Distinctions and Overlaps in Consent Orders and Clean Break Orders

Now that we've defined both Clean Break Orders and Consent Orders, it's essential to discuss the distinctions and overlaps between these two terms:


A Clean Break Order primarily aims to sever financial ties completely, ensuring that neither party can make future financial claims against the other. Its purpose is to create a clean break, as the name suggests.

A Consent Order is a broader concept used to formalise financial settlements based on mutual agreement. While it can include clean break provisions, it can also encompass various other financial arrangements.


A Clean Break Order typically focuses on the division of assets, property transfers, and the discharge of financial obligations. It is intended to resolve all financial matters conclusively.

A Consent Order can encompass a wide range of financial provisions, depending on the parties' agreement. It may include ongoing maintenance payments, property transfers, and child support arrangements, among others.

Consent Requirement:

A Clean Break Order can be granted by the court without the need for both parties' consent, particularly if the court deems it necessary to achieve a clean break.

A Consent Order, as the name suggests, requires the agreement of both parties to be legally binding.


Both Clean Break Orders and Consent Orders are legally enforceable, provided they are correctly drafted and approved by the court. Violating the terms of these orders can lead to legal consequences.


While a Clean Break Order serves a more specific purpose of financial separation, a Consent Order offers greater flexibility because it leaves room to negotiate how you both agree on future financial arrangements that are more suitable to your situation.


Clean Break Order vs. Consent Order: Which Is Right for You?

Determining whether a Clean Break Order or a Consent Order is more suitable for your specific circumstances requires a careful evaluation of your financial situation, your goals, and the level of agreement between you and your former partner. Here are some considerations:

When to Choose Clean Break Order:

  • A Clean Break Order is appropriate if your primary objective is to achieve a complete financial separation with no future claims against each other.
  • Ideal when both parties agree on a clean break and have no intention of ongoing financial support or shared financial responsibilities.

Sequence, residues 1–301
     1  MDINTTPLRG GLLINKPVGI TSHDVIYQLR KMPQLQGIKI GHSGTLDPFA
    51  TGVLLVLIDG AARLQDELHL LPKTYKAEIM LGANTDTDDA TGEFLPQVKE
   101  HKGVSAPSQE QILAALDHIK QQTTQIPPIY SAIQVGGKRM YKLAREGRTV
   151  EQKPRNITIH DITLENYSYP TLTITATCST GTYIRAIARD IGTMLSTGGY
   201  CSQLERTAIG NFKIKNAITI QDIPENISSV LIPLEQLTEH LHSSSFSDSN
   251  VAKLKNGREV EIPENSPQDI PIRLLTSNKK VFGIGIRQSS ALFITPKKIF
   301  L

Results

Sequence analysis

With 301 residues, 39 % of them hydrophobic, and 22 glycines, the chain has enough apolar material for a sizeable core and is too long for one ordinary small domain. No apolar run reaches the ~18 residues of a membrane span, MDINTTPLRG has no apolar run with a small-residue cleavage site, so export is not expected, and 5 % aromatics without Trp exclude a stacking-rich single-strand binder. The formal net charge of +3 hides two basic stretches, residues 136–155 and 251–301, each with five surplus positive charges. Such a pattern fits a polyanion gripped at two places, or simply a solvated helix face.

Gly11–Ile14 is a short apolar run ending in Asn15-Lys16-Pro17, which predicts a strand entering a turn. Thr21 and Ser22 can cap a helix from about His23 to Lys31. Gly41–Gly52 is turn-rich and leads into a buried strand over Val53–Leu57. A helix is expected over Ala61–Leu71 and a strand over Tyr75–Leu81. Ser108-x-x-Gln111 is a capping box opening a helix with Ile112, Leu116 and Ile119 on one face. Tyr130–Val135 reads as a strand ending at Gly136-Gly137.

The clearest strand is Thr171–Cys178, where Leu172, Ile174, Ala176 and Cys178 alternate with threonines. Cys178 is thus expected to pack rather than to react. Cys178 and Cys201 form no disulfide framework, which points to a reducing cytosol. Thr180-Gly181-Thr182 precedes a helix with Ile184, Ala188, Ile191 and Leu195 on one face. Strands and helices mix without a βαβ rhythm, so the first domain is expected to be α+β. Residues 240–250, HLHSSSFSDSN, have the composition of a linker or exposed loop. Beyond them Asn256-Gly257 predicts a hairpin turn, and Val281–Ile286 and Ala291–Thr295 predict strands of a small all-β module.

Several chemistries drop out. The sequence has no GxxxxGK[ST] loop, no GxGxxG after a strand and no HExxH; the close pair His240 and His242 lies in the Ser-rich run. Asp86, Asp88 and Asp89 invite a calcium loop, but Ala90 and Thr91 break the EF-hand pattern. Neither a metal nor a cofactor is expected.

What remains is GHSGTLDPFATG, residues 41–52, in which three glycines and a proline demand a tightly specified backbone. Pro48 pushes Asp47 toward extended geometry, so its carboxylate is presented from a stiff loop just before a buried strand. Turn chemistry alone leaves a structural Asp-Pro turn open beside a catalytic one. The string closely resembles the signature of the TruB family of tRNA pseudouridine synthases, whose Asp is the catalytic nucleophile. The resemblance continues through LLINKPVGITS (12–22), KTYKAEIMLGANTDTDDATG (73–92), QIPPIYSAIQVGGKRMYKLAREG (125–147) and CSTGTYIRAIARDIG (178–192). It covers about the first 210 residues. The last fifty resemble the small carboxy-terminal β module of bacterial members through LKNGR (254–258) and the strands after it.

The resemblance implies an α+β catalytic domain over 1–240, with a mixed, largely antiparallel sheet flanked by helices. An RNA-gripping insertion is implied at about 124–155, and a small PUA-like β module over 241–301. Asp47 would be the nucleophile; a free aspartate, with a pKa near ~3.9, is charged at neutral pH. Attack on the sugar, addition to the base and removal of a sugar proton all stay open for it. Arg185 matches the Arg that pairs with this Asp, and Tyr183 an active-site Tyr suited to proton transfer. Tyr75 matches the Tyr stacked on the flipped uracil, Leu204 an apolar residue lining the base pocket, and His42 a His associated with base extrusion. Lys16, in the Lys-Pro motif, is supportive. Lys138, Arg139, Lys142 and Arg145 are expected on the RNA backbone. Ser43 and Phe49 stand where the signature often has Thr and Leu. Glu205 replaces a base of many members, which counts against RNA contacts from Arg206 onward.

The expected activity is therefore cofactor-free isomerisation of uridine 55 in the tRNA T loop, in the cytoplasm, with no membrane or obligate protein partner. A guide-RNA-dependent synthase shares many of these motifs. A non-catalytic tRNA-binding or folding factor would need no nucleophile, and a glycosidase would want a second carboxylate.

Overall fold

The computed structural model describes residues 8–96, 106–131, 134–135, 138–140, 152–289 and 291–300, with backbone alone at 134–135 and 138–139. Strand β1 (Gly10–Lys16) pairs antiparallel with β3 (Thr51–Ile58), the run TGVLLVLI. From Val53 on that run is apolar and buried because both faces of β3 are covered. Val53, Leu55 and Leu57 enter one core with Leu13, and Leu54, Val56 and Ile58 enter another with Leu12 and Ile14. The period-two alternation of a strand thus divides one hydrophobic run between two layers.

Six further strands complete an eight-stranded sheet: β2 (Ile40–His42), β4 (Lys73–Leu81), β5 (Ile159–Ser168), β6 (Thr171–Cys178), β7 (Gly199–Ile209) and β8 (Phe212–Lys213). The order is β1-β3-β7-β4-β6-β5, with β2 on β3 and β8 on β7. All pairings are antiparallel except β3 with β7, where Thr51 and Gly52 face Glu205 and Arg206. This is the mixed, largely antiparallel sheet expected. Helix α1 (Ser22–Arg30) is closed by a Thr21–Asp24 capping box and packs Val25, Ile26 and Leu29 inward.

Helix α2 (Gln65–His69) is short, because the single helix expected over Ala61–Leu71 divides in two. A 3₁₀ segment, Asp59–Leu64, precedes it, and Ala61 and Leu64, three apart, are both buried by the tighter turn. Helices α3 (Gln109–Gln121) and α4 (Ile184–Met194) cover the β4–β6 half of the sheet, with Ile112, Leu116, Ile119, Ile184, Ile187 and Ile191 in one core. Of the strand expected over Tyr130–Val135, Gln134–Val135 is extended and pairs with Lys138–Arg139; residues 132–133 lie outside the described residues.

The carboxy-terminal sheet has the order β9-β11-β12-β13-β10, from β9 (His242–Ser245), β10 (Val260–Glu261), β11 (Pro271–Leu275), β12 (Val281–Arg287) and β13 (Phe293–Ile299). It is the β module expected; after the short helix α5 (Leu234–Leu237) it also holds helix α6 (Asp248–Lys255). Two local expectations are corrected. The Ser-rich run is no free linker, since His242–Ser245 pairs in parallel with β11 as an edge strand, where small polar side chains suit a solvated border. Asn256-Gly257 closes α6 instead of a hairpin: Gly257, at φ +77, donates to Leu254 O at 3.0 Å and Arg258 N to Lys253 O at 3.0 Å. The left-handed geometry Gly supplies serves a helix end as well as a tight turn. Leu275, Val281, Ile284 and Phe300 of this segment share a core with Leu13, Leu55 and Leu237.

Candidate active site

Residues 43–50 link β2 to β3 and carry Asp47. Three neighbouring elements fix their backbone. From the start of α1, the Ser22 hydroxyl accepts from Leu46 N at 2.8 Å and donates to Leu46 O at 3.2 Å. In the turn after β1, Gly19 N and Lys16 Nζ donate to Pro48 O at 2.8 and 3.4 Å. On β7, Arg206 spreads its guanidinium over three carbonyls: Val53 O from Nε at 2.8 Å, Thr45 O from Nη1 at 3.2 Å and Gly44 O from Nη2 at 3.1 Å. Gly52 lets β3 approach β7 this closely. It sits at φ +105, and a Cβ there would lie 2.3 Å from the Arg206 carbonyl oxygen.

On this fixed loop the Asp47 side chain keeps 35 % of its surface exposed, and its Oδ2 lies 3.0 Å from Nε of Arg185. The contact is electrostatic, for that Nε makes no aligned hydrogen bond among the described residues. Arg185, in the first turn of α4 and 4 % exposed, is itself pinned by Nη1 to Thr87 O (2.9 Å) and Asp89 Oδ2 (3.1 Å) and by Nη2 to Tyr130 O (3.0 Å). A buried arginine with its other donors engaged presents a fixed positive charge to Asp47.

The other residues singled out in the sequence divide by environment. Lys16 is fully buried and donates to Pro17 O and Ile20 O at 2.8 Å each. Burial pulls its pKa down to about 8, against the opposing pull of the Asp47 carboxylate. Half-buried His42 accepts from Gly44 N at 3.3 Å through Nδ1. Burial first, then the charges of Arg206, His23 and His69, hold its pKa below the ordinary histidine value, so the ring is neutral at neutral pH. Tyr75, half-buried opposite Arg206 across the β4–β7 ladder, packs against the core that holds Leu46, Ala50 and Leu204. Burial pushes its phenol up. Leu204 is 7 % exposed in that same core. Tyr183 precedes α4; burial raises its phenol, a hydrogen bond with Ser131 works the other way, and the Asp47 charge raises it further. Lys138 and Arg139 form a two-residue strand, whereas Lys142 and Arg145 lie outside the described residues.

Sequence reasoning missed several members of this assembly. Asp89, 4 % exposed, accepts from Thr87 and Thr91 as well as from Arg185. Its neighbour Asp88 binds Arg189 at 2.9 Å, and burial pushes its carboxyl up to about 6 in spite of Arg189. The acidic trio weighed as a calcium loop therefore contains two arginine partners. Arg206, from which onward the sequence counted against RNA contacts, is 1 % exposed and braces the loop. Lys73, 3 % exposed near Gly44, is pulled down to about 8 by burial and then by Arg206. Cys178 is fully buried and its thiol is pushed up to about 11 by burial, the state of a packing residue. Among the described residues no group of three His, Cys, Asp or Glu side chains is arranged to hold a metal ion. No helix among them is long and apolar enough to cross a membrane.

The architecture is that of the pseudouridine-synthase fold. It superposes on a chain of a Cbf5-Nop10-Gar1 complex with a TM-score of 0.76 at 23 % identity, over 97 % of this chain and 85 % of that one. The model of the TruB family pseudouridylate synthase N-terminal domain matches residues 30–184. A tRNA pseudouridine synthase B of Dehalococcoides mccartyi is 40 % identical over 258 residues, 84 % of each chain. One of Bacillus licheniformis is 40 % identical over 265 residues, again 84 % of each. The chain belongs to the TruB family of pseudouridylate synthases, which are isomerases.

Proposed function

• Suited for those who wish to ensure a clear and final resolution of financial matters, often used in situations where there are no children involved or where child support is addressed separately.

When to Choose Consent Order:

  • Consider a Consent Order if you and your former partner have a more complex financial situation or differing goals regarding ongoing financial support.
  • Provides flexibility to tailor the order to your specific needs, making it suitable for cases where child support, spousal maintenance, or other ongoing responsibilities need to be addressed.
  • Ideal when both parties are willing to negotiate and reach mutually agreeable terms for their financial settlement.
  • In many cases, a Consent Order may include some clean break provisions while also addressing other financial aspects. It allows parties to find a balanced and mutually agreeable solution for their unique circumstances.


Simpson Millar can help!

Navigating the complexities of financial settlements and legal orders can be a challenging task. Seeking legal advice and representation from experienced family law professionals is highly recommended to ensure make sure that your interests are protected and that the order accurately reflects your agreement. Simpson Millar's Family Solicitors can help you draft and submit the appropriate order to the court, ensuring that it complies with all legal requirements and provides you with the financial security you need.

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UK Government Official Website - Guidance on Applying for a Consent Order:

Author/Organization: UK Government

Title: Apply for a consent order


UK Government Official Form - Form D81: Statement of Information for a Consent Order in relation to a financial remedy (05.23):

Author/Organization: UK Government

Title: Form D81: Statement of Information for a Consent Order in relation to a financial remedy (05.23)


UK Government Official Guide - Guide to Completing Form D190: Statement in Support of an Application for a Consent Order:

Author/Organization: UK Government

Title: Guide to Completing Form D190: Statement in Support of an Application for a Consent Order


Mediate UK - Guide to a Financial Consent Order:

Author/Organization: Mediate UK

Title: Guide to a Financial Consent Order


Chris Fairhurst Profile Picture

Chris Fairhurst

Partner, Family Law and Divorce Solicitor

Areas of Expertise:
Family Law

Chris is a Partner and Family Law Solicitor based in Northwest England, with more than 25 years’ experience in this area of law.

His areas of expertise include, but not limited to, dealing with complex financial arrangements in separation and divorce and relationship breakdowns for clients in England, Wales and living overseas often involving high value cases including multiple assets often involving pension funds of several million pounds.